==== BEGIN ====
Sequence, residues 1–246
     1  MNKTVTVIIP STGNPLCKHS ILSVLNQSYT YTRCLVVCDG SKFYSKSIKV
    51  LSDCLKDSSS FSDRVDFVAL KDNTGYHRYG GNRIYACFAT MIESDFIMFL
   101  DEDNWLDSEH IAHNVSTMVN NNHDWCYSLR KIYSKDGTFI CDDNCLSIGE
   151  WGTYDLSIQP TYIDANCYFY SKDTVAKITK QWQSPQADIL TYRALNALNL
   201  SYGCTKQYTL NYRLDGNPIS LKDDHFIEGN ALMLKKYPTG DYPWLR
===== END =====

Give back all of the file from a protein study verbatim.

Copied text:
Sequence, residues 1–246
     1  MNKTVTVIIP STGNPLCKHS ILSVLNQSYT YTRCLVVCDG SKFYSKSIKV
    51  LSDCLKDSSS FSDRVDFVAL KDNTGYHRYG GNRIYACFAT MIESDFIMFL
   101  DEDNWLDSEH IAHNVSTMVN NNHDWCYSLR KIYSKDGTFI CDDNCLSIGE
   151  WGTYDLSIQP TYIDANCYFY SKDTVAKITK QWQSPQADIL TYRALNALNL
   201  SYGCTKQYTL NYRLDGNPIS LKDDHFIEGN ALMLKKYPTG DYPWLR